PWM Drive technology is still considered new and is continuously being refined with new power switching devices and smart 32-bit microprocessors. AC Drives have always been limited to “normal torque” applications while high torque, low RPM applications have been the domain of DC Drives. This has changed recently with the introduction of a new breed of PWM drive, the Flux Vector Drive.

Flux Vector Drives use a method of controlling torque similar to that of DC Drive systems, including wide speed control range with quick response. Flux Vector Drives have the same power section as all PWM drives, but use a sophisticated closed loop control from the motor to the Drive’s microprocessor. The motor’s rotor position and speed is monitored in real time via a resolver or digital encoder to determine and control the motor’s actual speed, torque, and power produced.

By controlling the inverter section in response to actual load conditions at the motor in a real time mode, superior torque control can be obtained. The personality of the motor must be programmed into or learned by the Drive in order for it to run the vector control algorithms. In most cases, special motors are required due to the torque demands expected of the motor.


The following are advantages of this new drive technology:

* Excellent control of motor speed, torque, and power.

* Quick response to changes in load, speed, and torque commands.

* Ability to provide 100% rated torque at 0 speed.

* Lower maintenance cost as compared to DC motors and Drives.


As usual, there are disadvantages:

* Higher initial cost as compared to standard PWM Drives.

* Requires special motor in most cases.

* Drive setup parameters are complex.

While flux vector technology offers superior performance for certain special applications, it would be considered “over-kill” for most applications well served by standard PWM Drives.

Ralf Wabersich

Gingoog Electric Trading (G.E.T.)

What is a VFD? Part 2

Filed under: GET to know VFD's — Ralf @ 8:13 AM

What is a VFD and how does it work? Part 2


In order to provide our readers here the best possible information we are using a variety of resources such as manufacturer’s support materials, our extensive experience in this field but also online researches.

When we want to go more into applications in order to achieve the ultimate goal of enjoying all the benefits that come along with a Variable Frequency Drive we should also know what is a VFD and how does it work?

And to understand the VFD’s much better we found for you also the following very interesting material for your further review.

It explains in a very comprehensive way what a VFD actually is and how it works, it confirms what we have posted earlier in our category GET Savings that we can really safe a lot, it gives us an initial idea how we select a Drive and very important also how to size it up. We learn about the relevance of torque and that at times we do have to oversize the VFD for one step in order to reach the required torque. It touches also special applications where we have to watch out or should have at least a closer eye on and it tackles some important corresponding considerations.

It answers a lot of our questions and I would rate this article as another MUST READ, it is not the usual shop talk you might read on other blogs, we make it all easy digestible.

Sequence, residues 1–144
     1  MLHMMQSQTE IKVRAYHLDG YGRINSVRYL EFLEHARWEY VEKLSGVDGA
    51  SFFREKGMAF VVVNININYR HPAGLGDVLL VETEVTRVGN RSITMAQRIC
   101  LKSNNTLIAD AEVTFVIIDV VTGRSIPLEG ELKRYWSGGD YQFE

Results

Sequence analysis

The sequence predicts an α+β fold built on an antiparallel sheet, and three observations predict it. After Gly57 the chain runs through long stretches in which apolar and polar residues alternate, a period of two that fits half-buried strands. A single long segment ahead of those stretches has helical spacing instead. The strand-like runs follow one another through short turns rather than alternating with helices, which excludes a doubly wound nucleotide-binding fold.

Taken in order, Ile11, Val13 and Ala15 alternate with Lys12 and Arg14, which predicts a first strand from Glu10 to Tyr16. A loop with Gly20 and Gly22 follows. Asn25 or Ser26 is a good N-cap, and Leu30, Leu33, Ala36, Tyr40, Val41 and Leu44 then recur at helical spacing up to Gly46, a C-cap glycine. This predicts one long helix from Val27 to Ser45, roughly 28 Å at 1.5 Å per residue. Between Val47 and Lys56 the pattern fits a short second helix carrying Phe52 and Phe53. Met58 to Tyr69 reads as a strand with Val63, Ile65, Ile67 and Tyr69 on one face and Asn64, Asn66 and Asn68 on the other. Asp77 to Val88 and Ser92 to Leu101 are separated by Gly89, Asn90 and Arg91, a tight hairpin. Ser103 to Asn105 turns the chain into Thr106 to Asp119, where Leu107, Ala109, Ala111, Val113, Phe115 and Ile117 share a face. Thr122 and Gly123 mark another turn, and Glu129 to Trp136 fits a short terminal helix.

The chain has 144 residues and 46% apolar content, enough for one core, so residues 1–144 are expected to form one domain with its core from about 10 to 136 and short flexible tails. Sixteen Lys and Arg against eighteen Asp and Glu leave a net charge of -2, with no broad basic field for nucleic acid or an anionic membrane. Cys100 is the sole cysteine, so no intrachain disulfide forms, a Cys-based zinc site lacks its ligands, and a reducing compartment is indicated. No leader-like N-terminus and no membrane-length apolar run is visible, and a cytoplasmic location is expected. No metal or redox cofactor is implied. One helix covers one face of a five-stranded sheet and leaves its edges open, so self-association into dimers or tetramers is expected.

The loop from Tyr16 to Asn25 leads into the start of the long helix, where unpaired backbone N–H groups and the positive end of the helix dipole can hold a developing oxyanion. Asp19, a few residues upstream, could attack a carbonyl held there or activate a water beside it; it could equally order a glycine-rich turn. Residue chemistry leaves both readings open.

GET it easy, GET is easy, GET more today, with GET you GET it, GET it here and GET it now:

However, this is a larger entry which doesn’t upload in one piece, so we will do it in a few parts.

This is Part 2:


Key VFD specifications:

While there are many specifications associated with drives, the following are the most important.

Continuous run current rating:

This is the maximum RMS current the VFD can safely handle under all operating conditions at a fixed ambient temperature, usually 40 degrees Celsius. Motor ball load sine wave currents must be equal to or less than this rating.


Overload current rating:

This is an inverse time/current rating that is the maximum current the VFD can produce for a given time frame. Typical ratings are 110% to 150% overcurrent for 1 min., depending on the manufacturer. Higher current ratings can be obtained by oversizing the VFD. This rating is very important when sizing the VFD for the currents needed by the motor for break-away torque.


Line voltage:

As with any motor controller, an operating voltage must be specified. VFD’s are designed to operate at some nominal voltage such as 240VAC or 480VAC, with an allowable voltage variation of plus or minus 10%. Most motor starters will operate beyond this 10% variation, but VFDs will not and will go into a protective trip. A recorded voltage reading of line power deviations is highly recommended for each application.


Applications to watch out for:

If you answer any of the following questions with YES, be extra careful in your VFD selection and setup parameters of the VFD.


Will the VFD operate more than one motor?

The total peak currents of all motor loads under worst operating conditions must be calculated. The VFD must be sized based on this maximum current requirement. Additionally, individual motor protection must be provided here for each motor.


Will the load be spinning or coasting when the VFD is started?

This is very often the case with fan applications. When a VFD is first started, it begins to operate at a low frequency and voltage and gradually ramps up to a preset speed. If the load is already in motion, it will be out of sync with the VFD. The VFD will attempt to pull the motor down to the lower frequency, which may require high current levels, usually causing an overcurrent trip. Because of this, VFD manufacturers offer drives with an option for synchronization with a spinning load; this VFD ramps at a different frequency.